I didn’t choose the SWUG Life; I just chose sweatpants.
Being the loyal Harvard Independent readers that you are, I’m sure that you remember the article I wrote last year about my transformation into a JWUG (junior washed up girl). Well, I have leveled-up (or perhaps fallen?) into SWUG-dom. I am a full-fledged, wine-glass-toting, sweatpants-wearing senior washed up girl. While this is the point in my college career where I can give the fewest number of f*cks, being a SWUG is not all Netflix and white zinfandel. Senior year is actually an emotional rollercoaster filled with last-firsts, thesising, and employment searching.
Every morning is a constant battle to leave the comfort of my bed and literal security blankets and stuff myself into real pants (read: any pants that aren’t sweatpants or leggings). I still question if it’s worth the effort given that if that cute guy from section freshman year didn’t notice me back then, then why bother now. But I digress.
As many other seniors will tell all you underclassmen, appreciate being young and irresponsible while you still can. I’ve definitely taken for granted the ability to have the “I can do that next year” mindset. I feel like I am trying to cram every event, concert, show, discussion, etc. into my senior year. I’m not quite ready to have my last this, my last that. On top of that, I can feel the Harvard Alumni Association practically counting down the days till commencement when they can count the Class of 2016’s wallets among the ones of classes past.
I know, that everyone makes senior year out to be one giant party. But, boy, is that false. Between closing out extracurricular club responsibilities, making the last two semester of college count for something, applying for jobs and fellowships, and writing a senior thesis, the only kind of party SWUGs still have in us are procrastination parties where we try to keep pace with Olivia Pope’s wine chugging. That’s not to say I haven’t had a couple of adventures so far (read: The Phoenix Landing in Central Square on Friday Nights). Hopefully after March 9, 2016, I’ll be able to rally a bit more.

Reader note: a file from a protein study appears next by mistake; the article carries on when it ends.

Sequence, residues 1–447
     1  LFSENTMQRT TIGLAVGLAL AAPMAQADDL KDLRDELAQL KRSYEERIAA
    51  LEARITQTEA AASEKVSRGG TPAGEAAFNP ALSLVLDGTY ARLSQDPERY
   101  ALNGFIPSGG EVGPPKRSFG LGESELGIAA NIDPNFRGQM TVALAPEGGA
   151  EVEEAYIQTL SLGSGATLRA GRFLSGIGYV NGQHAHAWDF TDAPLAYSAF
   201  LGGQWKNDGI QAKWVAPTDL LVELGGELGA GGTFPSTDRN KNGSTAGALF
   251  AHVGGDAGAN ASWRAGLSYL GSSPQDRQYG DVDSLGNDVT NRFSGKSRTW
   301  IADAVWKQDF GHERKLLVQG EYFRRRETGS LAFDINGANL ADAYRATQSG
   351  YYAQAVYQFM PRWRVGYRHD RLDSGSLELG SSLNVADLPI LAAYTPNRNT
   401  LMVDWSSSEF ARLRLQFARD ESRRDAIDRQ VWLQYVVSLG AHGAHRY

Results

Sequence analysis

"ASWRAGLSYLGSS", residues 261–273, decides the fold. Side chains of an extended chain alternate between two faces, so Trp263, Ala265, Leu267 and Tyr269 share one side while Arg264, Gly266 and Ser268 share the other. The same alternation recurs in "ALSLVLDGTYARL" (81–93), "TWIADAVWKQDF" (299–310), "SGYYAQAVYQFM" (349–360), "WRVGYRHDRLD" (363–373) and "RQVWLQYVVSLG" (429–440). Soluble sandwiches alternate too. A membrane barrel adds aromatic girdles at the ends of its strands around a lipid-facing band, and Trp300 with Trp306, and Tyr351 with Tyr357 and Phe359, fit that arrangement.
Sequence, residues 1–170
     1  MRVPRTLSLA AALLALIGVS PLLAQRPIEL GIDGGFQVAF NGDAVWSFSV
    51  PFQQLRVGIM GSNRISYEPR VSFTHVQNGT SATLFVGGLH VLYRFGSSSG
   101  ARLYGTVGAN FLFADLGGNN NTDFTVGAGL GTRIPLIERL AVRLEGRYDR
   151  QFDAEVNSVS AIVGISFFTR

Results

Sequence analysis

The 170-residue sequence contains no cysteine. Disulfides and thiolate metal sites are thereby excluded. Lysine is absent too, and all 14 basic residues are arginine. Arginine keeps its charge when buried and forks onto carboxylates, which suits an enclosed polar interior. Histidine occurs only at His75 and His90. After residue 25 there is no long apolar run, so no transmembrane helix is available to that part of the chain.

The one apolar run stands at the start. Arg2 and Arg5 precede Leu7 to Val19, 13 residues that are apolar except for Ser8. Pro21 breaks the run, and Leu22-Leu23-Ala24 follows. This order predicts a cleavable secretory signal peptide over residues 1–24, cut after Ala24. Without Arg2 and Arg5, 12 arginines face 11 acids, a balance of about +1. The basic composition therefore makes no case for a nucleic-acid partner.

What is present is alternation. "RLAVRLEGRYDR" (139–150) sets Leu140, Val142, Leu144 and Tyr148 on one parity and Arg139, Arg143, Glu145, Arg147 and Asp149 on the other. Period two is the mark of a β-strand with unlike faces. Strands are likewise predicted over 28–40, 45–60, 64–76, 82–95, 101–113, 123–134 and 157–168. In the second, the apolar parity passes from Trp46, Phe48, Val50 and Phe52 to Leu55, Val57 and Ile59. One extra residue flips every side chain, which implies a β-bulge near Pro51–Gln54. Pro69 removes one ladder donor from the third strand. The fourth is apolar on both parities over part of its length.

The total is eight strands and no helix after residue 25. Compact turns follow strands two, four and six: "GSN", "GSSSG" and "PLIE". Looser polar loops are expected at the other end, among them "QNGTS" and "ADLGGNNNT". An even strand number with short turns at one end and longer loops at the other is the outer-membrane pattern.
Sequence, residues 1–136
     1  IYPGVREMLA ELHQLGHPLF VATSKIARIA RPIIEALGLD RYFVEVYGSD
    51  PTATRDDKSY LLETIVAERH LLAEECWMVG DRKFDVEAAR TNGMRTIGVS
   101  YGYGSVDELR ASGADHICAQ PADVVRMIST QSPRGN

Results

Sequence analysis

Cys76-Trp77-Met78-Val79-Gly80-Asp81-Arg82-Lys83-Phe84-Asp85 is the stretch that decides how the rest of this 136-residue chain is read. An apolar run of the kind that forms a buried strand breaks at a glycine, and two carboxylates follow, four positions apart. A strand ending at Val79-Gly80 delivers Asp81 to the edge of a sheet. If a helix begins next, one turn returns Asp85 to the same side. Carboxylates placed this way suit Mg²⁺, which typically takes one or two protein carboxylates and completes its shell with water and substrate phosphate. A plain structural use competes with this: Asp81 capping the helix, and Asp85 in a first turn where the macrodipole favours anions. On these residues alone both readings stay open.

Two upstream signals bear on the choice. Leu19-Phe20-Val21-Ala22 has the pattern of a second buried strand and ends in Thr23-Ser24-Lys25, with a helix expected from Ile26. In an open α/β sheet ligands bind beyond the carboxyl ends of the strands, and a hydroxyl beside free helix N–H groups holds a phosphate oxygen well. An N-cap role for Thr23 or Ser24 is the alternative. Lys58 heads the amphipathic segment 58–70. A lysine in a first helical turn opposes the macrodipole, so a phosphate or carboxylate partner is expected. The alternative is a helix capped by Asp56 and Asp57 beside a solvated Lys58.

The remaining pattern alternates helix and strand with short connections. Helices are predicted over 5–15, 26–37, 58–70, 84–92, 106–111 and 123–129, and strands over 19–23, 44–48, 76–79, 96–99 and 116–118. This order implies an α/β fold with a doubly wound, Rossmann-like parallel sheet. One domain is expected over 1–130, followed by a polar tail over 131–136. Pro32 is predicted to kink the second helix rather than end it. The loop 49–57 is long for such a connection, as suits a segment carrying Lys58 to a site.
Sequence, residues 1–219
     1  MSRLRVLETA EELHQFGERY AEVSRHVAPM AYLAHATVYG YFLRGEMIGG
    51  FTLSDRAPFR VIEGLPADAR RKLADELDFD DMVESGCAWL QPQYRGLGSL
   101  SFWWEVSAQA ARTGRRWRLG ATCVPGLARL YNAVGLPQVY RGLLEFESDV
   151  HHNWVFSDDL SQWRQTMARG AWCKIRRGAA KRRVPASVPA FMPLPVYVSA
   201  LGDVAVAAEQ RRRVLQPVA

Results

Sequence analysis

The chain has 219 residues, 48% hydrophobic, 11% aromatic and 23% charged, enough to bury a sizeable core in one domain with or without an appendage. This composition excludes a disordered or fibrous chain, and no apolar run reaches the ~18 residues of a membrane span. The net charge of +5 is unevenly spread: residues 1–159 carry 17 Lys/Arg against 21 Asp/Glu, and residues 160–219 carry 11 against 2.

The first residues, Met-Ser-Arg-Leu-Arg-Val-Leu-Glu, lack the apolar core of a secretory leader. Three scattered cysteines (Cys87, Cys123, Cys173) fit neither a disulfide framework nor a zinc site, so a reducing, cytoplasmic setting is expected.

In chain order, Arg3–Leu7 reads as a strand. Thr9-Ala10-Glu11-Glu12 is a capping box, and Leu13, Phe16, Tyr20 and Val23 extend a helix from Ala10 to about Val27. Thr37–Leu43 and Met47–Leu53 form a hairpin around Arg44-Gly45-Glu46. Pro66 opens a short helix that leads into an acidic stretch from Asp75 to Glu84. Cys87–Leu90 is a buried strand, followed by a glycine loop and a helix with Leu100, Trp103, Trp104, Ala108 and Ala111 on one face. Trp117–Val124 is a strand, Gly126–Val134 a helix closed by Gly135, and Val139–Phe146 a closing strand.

As I mentioned earlier, SWUG-dom and the entire institution of senior year is an emotional rollercoaster. So much so, that I’ve pretty much been in a state of meh since the beginning of the year. Not only are you thinking about “doing Harvard right” before you leave, you are also thinking about the future and its overwhelming possibilities. On top of that, you are also thinking about where your friends from college and home will be. For me personally, it can be somewhat debilitating going through the motions of figuring out what I want to do and where I want to be. I berate myself with questions like which job will launch my career, am I ready to not live in America, etc.
Plastering on a smile for others as their lives are figured out as you are trying to sort through your own shambles can be tough, but you know your friends would do the same for you. Sometimes being a SWUG requires you to fill someone else’s glass with Moscato before you fill your own. (Though, you should strive to care for yourself in order to care for others!)
It can also be difficult navigating the different friendships and acquaintances you’ve made over the last three and a half years. You’ll want to plan all sorts of group outings and reunions, but there simply isn’t time. You’ll also start to notice that every “How’s your senior year going?” or “How are you?” begs a response beyond the generic “fine.” After all, this could be your last conversation with that person. And as a true SWUG, you gotta make sure that you leave people with good memory that’ll last until the 5th year reunion.
Hopefully this gives some insights into the SWUG-dom most will inevitably fall into. May this piece inspire some solidarity amongst us SWUGs and push us to keep carrying on. We’ve made it this far — just seven more months to go.
To all the SWUGs of Harvard, I just want us to remember that just because we are ‘washed up’ doesn’t mean that we are incapable of happy times and real pants. This process of becoming washed up is actually a chance for us to wipe our slates clean to start anew in our post-graduate adventures.
Shaquilla Harrigan’16 (firstname.lastname@example.org) hopes that everyone can get in touch with their inner SWUG. #SWUGsolidarity